After its failure to penetrate Nepal's thorny hydropower sector, Indian blue chip company Reliance is now edging close to sealing a major construction deal in the Himalayan republic.
Reliance Infrastructure edged out peers Gammon India and Punjab National Bank's joint venture Everest Bank to make it to the shortlist of companies chosen to build a 77 km fast-track highway that will link Kathmandu Valley with the Terai plains.
Nepal's physical planning and works ministry said it had shortlisted Reliance and South Korea's Landmark Worldwide Company for a massive highway project that, according to initial estimates, will cost about Nepali Rs.50-67 billion ($780,000 - $1 million).
Expected to be completed by 2014, the highway will run from Khokana in central Lalitpur district to Nijgadh in Bara district in south Nepal.
A feasibility study conducted with technical assistance from the Asian Development Bank (ADB) assesses that the highway will reduce travel time from south to central Nepal by almost two hours and slash fuel costs by over 32 million litres annually.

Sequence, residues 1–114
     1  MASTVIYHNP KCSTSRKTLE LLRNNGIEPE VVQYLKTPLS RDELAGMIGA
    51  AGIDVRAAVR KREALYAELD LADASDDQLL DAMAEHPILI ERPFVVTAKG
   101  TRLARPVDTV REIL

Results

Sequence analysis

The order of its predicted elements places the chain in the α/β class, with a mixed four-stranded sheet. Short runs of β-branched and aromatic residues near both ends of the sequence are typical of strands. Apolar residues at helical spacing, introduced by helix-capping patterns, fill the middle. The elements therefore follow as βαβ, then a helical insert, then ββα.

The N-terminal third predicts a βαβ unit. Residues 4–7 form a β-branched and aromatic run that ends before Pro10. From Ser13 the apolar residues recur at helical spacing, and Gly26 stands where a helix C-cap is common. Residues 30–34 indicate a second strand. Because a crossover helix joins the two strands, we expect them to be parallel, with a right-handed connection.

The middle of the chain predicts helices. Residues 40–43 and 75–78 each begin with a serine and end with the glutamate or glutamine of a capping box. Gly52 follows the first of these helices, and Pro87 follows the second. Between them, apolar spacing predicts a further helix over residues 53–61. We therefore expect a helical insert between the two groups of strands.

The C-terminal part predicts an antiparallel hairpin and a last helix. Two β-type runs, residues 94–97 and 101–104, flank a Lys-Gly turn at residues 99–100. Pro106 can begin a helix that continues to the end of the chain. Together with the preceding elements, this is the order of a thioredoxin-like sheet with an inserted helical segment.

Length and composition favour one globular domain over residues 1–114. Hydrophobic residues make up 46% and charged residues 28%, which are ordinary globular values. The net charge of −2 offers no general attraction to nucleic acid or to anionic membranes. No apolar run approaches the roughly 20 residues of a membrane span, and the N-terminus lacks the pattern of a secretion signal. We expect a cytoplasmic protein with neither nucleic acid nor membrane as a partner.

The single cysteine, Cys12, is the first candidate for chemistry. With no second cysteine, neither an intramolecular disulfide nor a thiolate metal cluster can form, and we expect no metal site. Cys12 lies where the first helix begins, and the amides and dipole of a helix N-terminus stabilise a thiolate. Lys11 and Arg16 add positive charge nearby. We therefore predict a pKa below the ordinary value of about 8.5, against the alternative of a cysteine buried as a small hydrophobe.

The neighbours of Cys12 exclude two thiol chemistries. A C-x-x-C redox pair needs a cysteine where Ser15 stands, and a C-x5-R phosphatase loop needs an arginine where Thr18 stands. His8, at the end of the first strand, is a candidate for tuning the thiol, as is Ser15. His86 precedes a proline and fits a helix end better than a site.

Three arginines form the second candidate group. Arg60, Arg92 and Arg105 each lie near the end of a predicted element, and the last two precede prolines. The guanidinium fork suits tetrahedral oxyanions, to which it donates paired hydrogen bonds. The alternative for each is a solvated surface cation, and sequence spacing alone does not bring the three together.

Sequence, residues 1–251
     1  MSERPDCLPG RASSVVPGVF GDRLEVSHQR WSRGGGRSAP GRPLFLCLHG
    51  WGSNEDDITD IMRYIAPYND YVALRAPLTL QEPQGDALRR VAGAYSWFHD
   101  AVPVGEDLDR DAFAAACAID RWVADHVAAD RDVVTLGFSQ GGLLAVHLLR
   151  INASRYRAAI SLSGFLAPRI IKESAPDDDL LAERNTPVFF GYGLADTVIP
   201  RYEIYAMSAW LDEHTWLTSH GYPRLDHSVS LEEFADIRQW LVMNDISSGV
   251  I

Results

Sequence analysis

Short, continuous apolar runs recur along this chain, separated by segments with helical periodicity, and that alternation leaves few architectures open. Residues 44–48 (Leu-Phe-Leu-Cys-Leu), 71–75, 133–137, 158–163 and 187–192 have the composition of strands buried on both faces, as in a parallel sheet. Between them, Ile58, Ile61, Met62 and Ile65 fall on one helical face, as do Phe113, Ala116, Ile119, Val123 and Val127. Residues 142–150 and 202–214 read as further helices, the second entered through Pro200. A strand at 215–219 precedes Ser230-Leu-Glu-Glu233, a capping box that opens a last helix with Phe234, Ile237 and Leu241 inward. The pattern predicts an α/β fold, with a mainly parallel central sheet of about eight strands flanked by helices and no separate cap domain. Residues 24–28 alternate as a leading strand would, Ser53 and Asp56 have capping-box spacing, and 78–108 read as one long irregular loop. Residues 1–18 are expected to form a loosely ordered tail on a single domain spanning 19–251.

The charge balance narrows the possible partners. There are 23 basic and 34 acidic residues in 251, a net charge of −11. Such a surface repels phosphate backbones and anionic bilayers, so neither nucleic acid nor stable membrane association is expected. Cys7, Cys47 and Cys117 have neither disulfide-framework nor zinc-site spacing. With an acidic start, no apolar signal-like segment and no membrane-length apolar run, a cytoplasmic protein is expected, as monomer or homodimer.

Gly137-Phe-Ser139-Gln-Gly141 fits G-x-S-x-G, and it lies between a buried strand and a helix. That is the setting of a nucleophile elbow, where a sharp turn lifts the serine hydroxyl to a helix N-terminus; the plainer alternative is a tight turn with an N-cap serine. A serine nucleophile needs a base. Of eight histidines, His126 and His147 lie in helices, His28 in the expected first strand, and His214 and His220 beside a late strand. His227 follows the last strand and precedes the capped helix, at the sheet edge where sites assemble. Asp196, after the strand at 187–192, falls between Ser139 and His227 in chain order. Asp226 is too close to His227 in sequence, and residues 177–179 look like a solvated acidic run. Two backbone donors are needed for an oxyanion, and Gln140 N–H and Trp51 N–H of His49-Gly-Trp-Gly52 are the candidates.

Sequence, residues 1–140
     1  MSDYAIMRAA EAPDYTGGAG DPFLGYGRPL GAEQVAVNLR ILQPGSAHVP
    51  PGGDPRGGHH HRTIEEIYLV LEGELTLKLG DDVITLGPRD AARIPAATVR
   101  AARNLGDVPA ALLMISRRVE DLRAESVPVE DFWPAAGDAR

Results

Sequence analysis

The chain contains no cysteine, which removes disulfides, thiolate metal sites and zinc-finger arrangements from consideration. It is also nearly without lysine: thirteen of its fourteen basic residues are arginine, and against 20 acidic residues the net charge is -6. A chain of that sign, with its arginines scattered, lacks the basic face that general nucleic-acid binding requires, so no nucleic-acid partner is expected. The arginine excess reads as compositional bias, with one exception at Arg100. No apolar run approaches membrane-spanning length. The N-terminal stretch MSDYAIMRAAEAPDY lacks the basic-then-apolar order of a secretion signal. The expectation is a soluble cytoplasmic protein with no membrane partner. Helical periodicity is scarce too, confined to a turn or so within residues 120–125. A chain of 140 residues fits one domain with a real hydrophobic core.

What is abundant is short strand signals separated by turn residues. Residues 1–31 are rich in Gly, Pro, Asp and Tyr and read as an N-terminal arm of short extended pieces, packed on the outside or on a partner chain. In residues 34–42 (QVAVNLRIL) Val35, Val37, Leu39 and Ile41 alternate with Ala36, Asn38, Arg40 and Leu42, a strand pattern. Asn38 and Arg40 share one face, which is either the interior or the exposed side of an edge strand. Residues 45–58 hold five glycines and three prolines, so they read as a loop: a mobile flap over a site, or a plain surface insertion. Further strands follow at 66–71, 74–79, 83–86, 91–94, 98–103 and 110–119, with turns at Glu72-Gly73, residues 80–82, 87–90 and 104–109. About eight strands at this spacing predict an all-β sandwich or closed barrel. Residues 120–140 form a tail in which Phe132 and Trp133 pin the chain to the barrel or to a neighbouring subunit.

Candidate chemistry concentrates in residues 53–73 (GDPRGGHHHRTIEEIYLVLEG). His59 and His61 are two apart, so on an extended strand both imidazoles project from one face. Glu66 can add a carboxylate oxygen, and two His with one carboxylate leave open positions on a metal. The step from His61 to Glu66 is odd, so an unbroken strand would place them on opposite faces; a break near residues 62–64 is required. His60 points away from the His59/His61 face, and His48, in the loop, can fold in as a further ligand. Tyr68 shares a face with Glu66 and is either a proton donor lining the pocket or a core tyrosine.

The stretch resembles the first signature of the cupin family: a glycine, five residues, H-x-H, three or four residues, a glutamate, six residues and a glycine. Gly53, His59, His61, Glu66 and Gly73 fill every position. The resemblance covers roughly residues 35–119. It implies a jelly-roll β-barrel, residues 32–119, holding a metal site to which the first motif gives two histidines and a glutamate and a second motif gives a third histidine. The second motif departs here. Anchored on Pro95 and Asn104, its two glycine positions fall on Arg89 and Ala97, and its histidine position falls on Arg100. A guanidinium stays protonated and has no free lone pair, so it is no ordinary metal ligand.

Tulsi Sitaula, director-general of the department of roads, told the media the two shortlisted companies have been asked to submit their proposals by January 2009. The work is expected to start from April next year.
Sitaula said the final selection would be made on the basis of the lower bid as well as the toll charge imposed on passing vehicles and benefits to the government of Nepal, which were not specified immediately.
If Reliance swings the deal, it would operate the highway for 30 years under the Build-Operate-Transfer (BOT) model under private financing in Nepal's Infrastructure Development and Operations Act.
The feasibility study recommends either a two or four-way lane.